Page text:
What she does after she leaves will not be based solely on protecting her rights or doing what is right for her. Rather, every single decision she makes will be agonizingly weighed against what the retribution will be from him. If I file for divorce, will he kill me? If I file for custody because he's abusing the children, will he try to get sole custody or falsely accuse me of child abuse? If I file for a protection from abuse order, will it only enrage him more?

He'll use the courts to continue his abuse. Instead of fearing being beaten when she gets home, she'll be afraid of being hit with more court motions. Our judicial system will allow him to make the divorce or custody process a living nightmare. He will delay the process, or bring frivolous motions. He won't answer her lawyer's letters, and he'll send dozens of his own. He will force her to use up what little money she may have fighting him in court over the simplest matters while the referee stands idly by doing nothing.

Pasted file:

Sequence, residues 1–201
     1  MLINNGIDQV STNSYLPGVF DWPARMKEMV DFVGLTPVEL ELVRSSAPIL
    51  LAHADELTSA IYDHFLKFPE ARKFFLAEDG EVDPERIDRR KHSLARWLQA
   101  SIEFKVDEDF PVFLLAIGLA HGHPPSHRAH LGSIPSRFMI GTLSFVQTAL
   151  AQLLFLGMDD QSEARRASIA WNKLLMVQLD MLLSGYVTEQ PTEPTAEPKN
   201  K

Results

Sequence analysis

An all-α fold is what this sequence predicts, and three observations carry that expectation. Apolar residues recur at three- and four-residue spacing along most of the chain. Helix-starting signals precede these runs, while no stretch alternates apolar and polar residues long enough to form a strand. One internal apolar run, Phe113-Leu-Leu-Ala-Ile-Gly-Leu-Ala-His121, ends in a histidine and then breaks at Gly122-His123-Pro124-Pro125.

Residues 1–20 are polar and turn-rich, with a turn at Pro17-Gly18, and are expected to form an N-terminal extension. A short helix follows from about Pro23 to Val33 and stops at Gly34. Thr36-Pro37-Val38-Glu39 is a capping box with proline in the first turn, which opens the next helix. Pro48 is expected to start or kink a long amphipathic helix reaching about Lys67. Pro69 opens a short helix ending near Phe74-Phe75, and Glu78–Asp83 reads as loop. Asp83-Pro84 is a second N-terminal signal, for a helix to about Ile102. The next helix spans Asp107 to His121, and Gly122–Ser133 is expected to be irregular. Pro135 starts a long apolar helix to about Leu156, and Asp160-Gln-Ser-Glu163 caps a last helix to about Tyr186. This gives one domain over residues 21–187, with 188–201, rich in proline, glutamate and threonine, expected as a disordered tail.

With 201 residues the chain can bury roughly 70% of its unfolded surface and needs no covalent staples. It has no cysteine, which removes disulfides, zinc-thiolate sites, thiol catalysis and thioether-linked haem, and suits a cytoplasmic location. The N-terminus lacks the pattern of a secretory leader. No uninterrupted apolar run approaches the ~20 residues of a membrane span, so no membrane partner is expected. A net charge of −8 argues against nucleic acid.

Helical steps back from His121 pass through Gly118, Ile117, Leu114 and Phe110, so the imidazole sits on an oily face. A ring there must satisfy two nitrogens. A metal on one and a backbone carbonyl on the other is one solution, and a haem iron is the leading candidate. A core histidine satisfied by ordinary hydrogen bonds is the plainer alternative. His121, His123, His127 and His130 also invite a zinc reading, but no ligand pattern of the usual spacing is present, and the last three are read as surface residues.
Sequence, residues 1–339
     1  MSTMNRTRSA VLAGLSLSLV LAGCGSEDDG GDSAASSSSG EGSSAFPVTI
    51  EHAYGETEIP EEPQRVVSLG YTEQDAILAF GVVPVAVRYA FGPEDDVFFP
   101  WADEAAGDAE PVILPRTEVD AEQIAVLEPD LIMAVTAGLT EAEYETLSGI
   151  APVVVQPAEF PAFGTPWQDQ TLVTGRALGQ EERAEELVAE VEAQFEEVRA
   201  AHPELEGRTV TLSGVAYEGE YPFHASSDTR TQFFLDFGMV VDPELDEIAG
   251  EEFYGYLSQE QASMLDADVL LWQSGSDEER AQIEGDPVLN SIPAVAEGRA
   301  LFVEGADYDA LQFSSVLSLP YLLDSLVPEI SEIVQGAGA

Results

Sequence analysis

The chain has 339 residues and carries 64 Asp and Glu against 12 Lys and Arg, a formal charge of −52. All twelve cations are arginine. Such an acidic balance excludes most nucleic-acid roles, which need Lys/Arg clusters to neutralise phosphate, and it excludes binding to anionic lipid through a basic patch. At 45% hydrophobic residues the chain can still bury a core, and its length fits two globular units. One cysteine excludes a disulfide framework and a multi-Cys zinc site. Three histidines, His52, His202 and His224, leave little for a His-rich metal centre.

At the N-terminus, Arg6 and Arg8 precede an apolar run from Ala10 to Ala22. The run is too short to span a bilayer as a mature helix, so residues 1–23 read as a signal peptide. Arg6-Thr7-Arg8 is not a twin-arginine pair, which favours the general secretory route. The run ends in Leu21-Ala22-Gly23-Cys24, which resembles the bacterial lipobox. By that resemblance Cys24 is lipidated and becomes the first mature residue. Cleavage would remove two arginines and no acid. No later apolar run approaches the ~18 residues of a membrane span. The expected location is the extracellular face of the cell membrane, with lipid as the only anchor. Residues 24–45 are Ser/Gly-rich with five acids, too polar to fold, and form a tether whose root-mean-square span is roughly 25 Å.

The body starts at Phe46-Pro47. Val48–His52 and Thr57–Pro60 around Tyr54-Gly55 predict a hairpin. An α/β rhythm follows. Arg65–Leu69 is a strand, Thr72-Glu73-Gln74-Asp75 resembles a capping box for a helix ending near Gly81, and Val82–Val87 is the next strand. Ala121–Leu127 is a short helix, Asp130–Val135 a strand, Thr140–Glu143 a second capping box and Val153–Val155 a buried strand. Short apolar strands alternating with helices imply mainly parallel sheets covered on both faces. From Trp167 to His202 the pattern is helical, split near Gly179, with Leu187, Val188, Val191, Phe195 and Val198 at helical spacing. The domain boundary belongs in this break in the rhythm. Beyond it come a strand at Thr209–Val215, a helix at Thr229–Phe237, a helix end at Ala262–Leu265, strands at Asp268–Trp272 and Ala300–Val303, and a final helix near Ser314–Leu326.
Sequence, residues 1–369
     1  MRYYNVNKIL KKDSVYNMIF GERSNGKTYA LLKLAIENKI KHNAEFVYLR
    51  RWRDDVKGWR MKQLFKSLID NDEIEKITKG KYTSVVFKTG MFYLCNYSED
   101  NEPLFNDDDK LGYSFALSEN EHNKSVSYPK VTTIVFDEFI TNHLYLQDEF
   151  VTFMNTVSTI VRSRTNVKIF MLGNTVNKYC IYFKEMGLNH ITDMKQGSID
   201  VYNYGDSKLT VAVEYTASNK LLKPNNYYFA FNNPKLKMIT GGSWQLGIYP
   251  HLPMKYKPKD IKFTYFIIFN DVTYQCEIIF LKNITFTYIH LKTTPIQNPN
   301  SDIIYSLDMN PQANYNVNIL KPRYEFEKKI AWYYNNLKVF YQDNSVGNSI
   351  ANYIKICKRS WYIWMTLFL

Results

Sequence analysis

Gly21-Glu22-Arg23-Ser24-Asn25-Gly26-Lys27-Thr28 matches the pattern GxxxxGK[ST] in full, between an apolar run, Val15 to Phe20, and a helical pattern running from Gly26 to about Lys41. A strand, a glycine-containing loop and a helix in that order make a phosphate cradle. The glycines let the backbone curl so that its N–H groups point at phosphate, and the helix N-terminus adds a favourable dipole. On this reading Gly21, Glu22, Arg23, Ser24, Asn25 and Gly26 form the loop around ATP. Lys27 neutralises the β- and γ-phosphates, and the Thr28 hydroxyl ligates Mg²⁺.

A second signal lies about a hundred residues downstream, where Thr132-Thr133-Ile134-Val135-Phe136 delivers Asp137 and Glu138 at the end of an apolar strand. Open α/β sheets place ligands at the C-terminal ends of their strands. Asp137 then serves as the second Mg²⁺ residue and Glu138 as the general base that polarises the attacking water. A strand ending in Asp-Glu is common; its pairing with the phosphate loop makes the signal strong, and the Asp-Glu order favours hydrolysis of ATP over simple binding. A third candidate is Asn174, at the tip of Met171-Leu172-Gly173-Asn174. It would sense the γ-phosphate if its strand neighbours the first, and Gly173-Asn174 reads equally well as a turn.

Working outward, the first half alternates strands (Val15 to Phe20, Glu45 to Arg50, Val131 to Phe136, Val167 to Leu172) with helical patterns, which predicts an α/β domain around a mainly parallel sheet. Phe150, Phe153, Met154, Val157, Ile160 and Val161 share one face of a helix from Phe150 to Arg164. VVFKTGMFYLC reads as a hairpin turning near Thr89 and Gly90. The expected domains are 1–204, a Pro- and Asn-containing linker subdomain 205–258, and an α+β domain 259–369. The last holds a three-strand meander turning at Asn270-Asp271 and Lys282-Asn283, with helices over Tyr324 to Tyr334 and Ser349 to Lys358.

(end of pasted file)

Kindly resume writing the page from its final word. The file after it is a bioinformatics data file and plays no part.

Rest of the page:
Or, worst of all, he will take her children away despite overwhelming evidence of his abuse toward them.

Is it any wonder she is having a difficult time leaving?

Now imagine a society that holds him accountable for his abuse. The referee doesn't just cry foul, but prevents the boxing match from even taking place. The abuser is arrested and prosecuted every time he violates a protection from abuse order or doesn't uphold his end of a custody agreement. Custody evaluators and judges believe disclosures of abuse from children, and she isn't afraid of losing custody for protecting her children. She doesn't lose everything she owns to break free; marital assets are split fairly. He is ordered to an abuser program for at least one year, and preferably longer.

It's time to stop blaming women for staying, because we as a society are the ones who let the domestic violence continue long after she's walked out the door. Instead, we need to start truly protecting women and their children after the relationship is over.